Imagine this. You employ a driver who collects and makes deliveries for your business. On one occasion he or she was transporting something using a trailer. She calls late at night to tell you that she has pulled over onto the hard shoulder because the trailer’s brakes are not working, and to drive like that would have been a danger to herself and other road users. You send out an engineer to assist and ask your employee to stay in the vehicle.
For whatever reason, after three hours the engineer hasn’t yet arrived. It’s freezing cold. If she stays where she is any longer she’ll be in serious danger. Eventually she decided to drive off, leaving the trailer with faulty brakes where it was.
Sounds like a reasonable decision, doesn’t it?
I’ve based this scenario on a case from the United States which is described in the linked article. In that company, there happened to be a rule against abandoning trailers, so the driver was dismissed.
I haven’t read all of the facts of the case – it may be more complicated. And I’m not an expert in US law. However, I’m remarking on this case because of its interesting facts and to remind you that in the UK, it would not be lawful to dismiss an employee in the (possibly simplified) circumstances described above:
- The dismissal would probably have been unfair. We can see the point of having a rule against abandoning trailers – but sticking to that rule when the driver or the public would be unfair. However, awards for unfair dismissal are generally capped, and an employee need two years’ service to bring an unfair dismissal claim.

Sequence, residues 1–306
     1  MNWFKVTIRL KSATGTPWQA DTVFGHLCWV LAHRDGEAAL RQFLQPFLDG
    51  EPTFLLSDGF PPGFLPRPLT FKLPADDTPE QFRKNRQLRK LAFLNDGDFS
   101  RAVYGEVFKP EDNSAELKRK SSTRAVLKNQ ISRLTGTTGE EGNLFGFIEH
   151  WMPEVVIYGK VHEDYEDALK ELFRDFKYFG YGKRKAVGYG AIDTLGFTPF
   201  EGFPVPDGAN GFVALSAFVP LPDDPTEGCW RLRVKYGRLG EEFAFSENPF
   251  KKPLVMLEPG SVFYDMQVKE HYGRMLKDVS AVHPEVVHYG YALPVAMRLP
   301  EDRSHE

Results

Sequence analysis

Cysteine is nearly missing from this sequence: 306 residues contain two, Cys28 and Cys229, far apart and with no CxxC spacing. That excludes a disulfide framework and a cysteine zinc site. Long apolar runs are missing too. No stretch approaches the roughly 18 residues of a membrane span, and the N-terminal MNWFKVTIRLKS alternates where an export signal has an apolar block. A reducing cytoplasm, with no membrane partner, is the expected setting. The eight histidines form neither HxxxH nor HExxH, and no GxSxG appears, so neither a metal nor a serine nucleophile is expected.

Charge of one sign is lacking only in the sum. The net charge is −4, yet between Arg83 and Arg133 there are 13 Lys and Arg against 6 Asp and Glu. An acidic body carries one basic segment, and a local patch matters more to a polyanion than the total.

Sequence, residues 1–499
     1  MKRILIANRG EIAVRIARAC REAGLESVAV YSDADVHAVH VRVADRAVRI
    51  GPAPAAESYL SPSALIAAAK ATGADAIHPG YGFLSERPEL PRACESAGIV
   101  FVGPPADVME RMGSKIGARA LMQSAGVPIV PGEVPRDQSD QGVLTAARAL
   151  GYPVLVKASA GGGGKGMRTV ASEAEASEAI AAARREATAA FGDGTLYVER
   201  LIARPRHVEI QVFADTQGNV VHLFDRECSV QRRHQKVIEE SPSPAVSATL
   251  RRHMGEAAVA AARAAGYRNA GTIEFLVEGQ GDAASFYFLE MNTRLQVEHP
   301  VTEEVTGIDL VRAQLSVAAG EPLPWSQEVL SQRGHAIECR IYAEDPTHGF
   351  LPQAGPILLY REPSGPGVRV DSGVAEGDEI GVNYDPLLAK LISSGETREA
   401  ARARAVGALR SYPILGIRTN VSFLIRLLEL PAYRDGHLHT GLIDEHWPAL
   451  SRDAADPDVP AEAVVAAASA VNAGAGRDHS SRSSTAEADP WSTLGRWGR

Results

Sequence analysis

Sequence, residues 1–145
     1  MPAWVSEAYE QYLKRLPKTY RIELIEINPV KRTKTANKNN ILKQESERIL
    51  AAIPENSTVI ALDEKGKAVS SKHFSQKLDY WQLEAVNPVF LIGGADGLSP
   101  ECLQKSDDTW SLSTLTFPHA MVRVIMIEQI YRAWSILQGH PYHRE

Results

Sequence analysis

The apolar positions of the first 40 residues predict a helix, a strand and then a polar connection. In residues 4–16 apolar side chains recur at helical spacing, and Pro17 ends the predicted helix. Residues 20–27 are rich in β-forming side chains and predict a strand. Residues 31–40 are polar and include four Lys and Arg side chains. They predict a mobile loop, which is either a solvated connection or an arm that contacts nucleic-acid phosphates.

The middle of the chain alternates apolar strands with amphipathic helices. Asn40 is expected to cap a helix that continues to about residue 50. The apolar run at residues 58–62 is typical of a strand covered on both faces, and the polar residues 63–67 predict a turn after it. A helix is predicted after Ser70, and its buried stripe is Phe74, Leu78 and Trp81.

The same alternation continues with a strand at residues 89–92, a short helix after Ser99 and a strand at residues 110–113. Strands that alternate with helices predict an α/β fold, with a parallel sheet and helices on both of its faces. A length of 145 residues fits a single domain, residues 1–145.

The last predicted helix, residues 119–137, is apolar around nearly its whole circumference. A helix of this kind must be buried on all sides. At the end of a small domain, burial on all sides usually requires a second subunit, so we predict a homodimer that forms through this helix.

- For whistleblowing claims, two years’ service isn’t needed and damages are not capped. But in the UK, whistleblowing protection specifically protects workers from detriment or dismissal because of disclosures of information. He wasn’t really dismissed for disclosing information – he was dismissed for driving away without the trailer. Had he remained in his car and frozen to death, he wouldn’t have been dismissed.
- But for certain health and safety dismissals, two years' service isn't required and damages aren't capped. This includes dismissal of employees who leave or stay away from a dangerous workplace or take action to prevent danger. Those provisions may well have protected this driver. As I’ve said, I have simplified the situation. However, these legal protections of the UK’s do seem to be broader than the US’s (which is known for ‘laissez-faire’ employment protection).
- In addition, the business would probably have breached health and safety regulations in several ways.
- As a final point, I should mention that the court found in favour of the employee, though there was a dissenting judgment favouring the business.
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Mr. Cluck told Mr. Maddin not to leave the trailer and gave him two options: drag the trailer with inoperable brakes, or stay put until the repairperson arrives. Mr. Maddin knew that dragging the trailer is illegal and concluded that he might not live much longer if he were to wait for a repairperson. So, Mr. Maddin unhitched the trailer and drove off. Fifteen minutes after Mr. Maddin left—i.e., more than three hours after he first notified TransAm that he was stranded in subzero temperatures—the repairperson arrived. Mr. Maddin drove the truck back to meet the repairperson, who then fixed the trailer’s brakes. Less than a week later, TransAm terminated Mr. Maddin’s employment for abandoning the trailer.